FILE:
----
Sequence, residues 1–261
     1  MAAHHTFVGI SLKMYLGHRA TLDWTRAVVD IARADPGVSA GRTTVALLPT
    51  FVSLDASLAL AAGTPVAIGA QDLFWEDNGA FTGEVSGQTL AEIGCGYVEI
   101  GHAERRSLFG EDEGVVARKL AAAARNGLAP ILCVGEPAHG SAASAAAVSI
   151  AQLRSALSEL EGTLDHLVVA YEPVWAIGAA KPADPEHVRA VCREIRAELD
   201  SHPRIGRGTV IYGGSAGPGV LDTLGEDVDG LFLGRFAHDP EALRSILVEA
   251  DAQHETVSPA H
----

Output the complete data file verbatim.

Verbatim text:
Sequence, residues 1–261
     1  MAAHHTFVGI SLKMYLGHRA TLDWTRAVVD IARADPGVSA GRTTVALLPT
    51  FVSLDASLAL AAGTPVAIGA QDLFWEDNGA FTGEVSGQTL AEIGCGYVEI
   101  GHAERRSLFG EDEGVVARKL AAAARNGLAP ILCVGEPAHG SAASAAAVSI
   151  AQLRSALSEL EGTLDHLVVA YEPVWAIGAA KPADPEHVRA VCREIRAELD
   201  SHPRIGRGTV IYGGSAGPGV LDTLGEDVDG LFLGRFAHDP EALRSILVEA
   251  DAQHETVSPA H